David Bourget (Western Ontario)
David Chalmers (ANU, NYU)
Rafael De Clercq
Ezio Di Nucci
Jack Alan Reynolds
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In Ewa Czerwińska-Schupp (ed.), Values and Norms in the Age of Globalization. Peter Lang 1--30 (2007)
The paper conceptualizes five basic developmental paths the post-Soviet republics followed. The conceptual framework of this paper is expanded theory of real socialism in non-Marxian historical materialism, namely proposed the model of secession from socialist empire. The first developmental path was followed by societies in which an independent civil revolution took place. This path of development bifurcates into two furhter sub-variants. Namely civil revolutions in the Baltic republics (Latvia, Lithuania, Estonia) resulted in the independence and stable democracies. Civil revolution in Caucasus republics (Armenia, Gergia) were partially succesfull because civil movement in these societies were unable to build stable democracies. Countries such as Azerbaijan, Belarus, Moldova and Ukraine followed next developmental path. Its characteristic feauture is active participation of republican communist nomenclatures in seceding from the Soviet Union and gaining state independence. In this variant of development, democratization - characteristic for the first period of independence was counterbalanced by the growing autocratization of political system. This path of development was divided into two developmental variants: in one group of countries (Ukraine) the growth of autocratization caused civil resistance (Ukraine), in the rest societies of this group (Azerbaijan, Belarus, Moldova) - not. Finally the countries of Central Asia (Kazakhstan, Kyrgyzstan, Tajikistan, Turkmenistan, and Uzbekistan) followed the fith developmental path. In these societies, independence permitted to preserve dictatorship of local communist nomenclatures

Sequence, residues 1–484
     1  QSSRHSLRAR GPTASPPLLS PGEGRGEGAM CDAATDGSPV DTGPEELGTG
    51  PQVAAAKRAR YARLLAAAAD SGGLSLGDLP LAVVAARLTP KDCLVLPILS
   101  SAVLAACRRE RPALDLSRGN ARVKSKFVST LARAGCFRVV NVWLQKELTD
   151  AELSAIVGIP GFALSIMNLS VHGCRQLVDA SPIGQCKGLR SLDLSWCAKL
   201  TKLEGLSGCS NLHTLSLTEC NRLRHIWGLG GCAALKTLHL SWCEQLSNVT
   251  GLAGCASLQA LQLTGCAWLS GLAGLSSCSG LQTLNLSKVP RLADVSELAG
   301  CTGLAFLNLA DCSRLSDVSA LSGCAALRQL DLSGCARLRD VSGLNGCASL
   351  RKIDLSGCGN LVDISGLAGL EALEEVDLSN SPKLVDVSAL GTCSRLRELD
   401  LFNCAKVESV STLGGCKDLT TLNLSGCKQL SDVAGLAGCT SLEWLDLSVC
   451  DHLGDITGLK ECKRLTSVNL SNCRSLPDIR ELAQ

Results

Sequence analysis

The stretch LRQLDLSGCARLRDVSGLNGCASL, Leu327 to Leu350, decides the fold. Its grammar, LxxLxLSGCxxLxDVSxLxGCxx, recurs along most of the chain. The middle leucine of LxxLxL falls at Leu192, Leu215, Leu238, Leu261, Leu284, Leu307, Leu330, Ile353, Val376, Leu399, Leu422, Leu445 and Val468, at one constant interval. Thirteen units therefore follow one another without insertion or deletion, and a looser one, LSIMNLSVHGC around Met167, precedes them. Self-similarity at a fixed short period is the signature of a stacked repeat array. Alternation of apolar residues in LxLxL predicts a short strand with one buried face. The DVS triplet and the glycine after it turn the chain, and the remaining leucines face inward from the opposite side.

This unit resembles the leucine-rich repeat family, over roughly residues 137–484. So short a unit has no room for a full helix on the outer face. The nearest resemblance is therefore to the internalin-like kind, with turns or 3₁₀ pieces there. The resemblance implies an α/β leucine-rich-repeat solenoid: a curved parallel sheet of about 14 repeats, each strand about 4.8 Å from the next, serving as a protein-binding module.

|Keywords||Non-Marxian historical materialism Soviet empire collapse of communism Secession Democratization|
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